Some of the largest technology companies are investing in renewable or low-carbon energy sources to reduce the environmental impact of their data centres. Amazon, for example, runs more than 500 renewable energy projects and in 2024 procured nuclear as another carbon-free energy source. In November, Google announced that its geothermal power project, developed with clean-energy startup Fervo, was operational and providing energy to the Nevada power grid.

Jocelyn Paulley, co-lead of the Data Protection and Cyber Security sector for the UK at Gowling WLG, says large technology companies are in a position to change the market. They will often, she says, require data centre operators to commit to only buying green energy. This is in part driven by their own ESG commitments. Data centre operators are also incentivised to make their facilities as energy efficient as possible to keep their prices low.

Ultimately, consumer demand is the driving force behind the growth of data centres. The services they provide allow technology companies to offer the digital products consumers increasingly rely on. ‘The data centre operators get a lot of negative press’, says Paulley, ‘but […] they’re part of a big technology stack to provide us with the commercial and consumer services we all use’.

Education is needed to address poor public understanding. Terms such as ‘the cloud’, evoking an ephemeral space where data is held almost magically, have not helped. Chernyavsky says that because some generative AI programs are publicly available, people use them for fun but don’t realise how much energy they consume. He argues that the companies behind such programs could introduce rules or pay structures to govern the tasks AI can be used for.  

The vast majority of businesses and law firms have made ESG commitments in line with voluntary standards and in anticipation of legislation such as the EU’s Corporate Sustainability Reporting Directive (CSRD) and the US Securities and Exchange Commission’s new rules for disclosing certain climate-related information. Some of these rules, for example the CSRD, require companies to report on emissions across their entire supply chain, referred to as Scope 3 emissions. Data centres will probably fall within that remit for most businesses and law firms that use technology.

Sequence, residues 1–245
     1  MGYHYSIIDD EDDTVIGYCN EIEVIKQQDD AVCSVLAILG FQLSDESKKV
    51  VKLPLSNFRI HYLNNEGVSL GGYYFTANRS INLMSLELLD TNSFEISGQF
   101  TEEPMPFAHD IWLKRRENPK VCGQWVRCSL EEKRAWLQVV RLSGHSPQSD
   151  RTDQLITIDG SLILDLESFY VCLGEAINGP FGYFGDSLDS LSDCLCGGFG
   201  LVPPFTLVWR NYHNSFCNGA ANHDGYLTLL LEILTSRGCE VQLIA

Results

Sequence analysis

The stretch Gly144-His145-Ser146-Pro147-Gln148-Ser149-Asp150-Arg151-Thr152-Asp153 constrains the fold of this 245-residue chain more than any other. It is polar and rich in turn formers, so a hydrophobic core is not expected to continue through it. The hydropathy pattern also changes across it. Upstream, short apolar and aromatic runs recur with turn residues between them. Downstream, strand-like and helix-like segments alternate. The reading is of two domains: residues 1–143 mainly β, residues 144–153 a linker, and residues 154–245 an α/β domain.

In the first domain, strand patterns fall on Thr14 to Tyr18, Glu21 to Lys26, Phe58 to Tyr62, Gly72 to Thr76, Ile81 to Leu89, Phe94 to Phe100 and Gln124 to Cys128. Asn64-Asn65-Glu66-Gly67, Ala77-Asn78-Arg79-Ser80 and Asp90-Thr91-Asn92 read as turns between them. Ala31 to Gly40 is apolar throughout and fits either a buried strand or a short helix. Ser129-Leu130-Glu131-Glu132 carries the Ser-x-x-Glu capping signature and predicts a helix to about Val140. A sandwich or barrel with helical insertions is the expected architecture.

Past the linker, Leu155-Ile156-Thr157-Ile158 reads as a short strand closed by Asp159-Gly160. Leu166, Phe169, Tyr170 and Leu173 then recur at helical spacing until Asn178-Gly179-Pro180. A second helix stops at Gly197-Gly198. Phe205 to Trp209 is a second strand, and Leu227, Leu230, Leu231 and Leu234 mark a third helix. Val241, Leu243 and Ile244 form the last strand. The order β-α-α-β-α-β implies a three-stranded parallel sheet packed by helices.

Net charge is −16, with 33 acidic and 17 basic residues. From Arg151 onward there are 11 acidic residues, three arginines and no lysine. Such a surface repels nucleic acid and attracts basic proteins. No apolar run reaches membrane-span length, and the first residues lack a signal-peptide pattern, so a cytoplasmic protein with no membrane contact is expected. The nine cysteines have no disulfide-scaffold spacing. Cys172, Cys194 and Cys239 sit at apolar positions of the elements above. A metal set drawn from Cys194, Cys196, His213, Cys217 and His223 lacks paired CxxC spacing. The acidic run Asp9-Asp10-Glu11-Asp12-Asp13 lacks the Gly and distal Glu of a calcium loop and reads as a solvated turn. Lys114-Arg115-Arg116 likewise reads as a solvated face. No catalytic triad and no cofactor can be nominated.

Chernyavsky says larger law firms will have their own ESG strategy with a dedicated officer who analyses how adopting new technology would help or hinder this plan. Here, the decision-making process could consider the environmental footprint of the technology the firm plans to adopt – for example, whether it uses renewable energy and generates additional jobs where it’s based.

Paulley says assessing the environmental impact of adopting new technology can be challenging because there’s limited understanding of what’s involved in making and providing the tech and this process is often outside the purchaser’s control. ‘It’s a buying decision and therefore an evaluation of the product or the service you’re buying as a whole’, she says.

Businesses are increasingly using AI to help them fulfil their ESG reporting requirements because of the vast amounts of data to be collated. But given how energy-hungry AI is, it may be time to consider whether using such tools makes sense from an ESG standpoint.

The IBA has set up dedicated webpages to bring together its content on both ESG and AI/tech.